Studying the Ruby Docile Gem to Learn About DSLs

A Stackoverflow user suggests studying the Docile source code to learn how to write DSLs in Ruby, but the source code is dense for programmers new to Ruby DSLs. This blog posts demonstrates how to write a DSL that behaves similarly to the Docile gem, but with much less code.

At a fundamental level, Docile evaluates a block in the context of an object with the instance_eval() method:

arr = []

arr.instance_eval do

arr # => [2, 1]

The instance_eval() portion can be abstracted to a method as follows:

def dsl(obj, &block)

arr = []

dsl(arr) do

arr # => [1, 3]

The dsl() method takes an object and a block as arguments and simply sends the :instance_eval message to the object with the block as an argument.

Suppose there is a Pizza class to make pizzas. The same dsl() method can be used to customize an instance of the Pizza class.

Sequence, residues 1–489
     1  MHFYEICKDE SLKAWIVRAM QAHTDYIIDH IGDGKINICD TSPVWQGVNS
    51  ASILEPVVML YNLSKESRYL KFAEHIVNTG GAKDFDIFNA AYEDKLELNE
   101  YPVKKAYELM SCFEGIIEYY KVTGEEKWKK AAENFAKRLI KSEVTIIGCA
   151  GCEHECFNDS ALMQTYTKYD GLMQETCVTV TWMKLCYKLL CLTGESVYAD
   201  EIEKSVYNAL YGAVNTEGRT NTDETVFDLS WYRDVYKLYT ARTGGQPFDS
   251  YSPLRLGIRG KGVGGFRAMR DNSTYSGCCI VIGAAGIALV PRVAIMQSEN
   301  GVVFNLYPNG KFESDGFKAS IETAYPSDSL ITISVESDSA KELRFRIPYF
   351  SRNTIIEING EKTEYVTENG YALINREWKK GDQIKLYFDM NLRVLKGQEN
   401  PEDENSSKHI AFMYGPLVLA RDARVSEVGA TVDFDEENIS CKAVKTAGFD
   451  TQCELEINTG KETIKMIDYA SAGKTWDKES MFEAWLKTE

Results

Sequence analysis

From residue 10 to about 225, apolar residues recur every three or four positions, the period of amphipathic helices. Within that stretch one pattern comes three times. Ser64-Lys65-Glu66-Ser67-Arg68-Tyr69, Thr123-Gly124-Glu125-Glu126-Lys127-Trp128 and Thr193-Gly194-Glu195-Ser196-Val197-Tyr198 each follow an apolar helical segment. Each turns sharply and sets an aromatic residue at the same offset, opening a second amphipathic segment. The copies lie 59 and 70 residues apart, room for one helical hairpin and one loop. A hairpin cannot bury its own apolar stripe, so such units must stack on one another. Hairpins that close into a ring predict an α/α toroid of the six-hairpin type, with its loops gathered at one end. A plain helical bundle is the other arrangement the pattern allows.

Pizza =, :pepperoni, :bacon, :sauce)
obj =

dsl(obj) do |pizza|
  pizza.cheese = true
  pizza.pepperoni = true
  pizza.sauce = :extra

obj # => #<struct Pizza cheese=true, pepperoni=true, bacon=nil, sauce=:extra>

The prior example uses a block variable to avoid implicit self syntax that is interpreted by the Ruby interpreter as local variable assignment. If the block variable is omitted, the self keyword is required to clarify that cheese = true is a method call, not local variable assignment.

my_pie =

dsl(my_pie) do
  self.cheese = true
  self.pepperoni = false
  self.sauce = :none

my_pie # => #<struct Pizza cheese=true, pepperoni=false, bacon=nil, sauce=:none>

3 thoughts on “Studying the Ruby Docile Gem to Learn About DSLs

  1. Hi there, great job with this. What the docile gem does is make it possible for you to use *instance variables*, *local variables*, and *function calls* from the context outside of where you call the DSL, as arguments to the DSL functions. For more information, check out the Docile examples.

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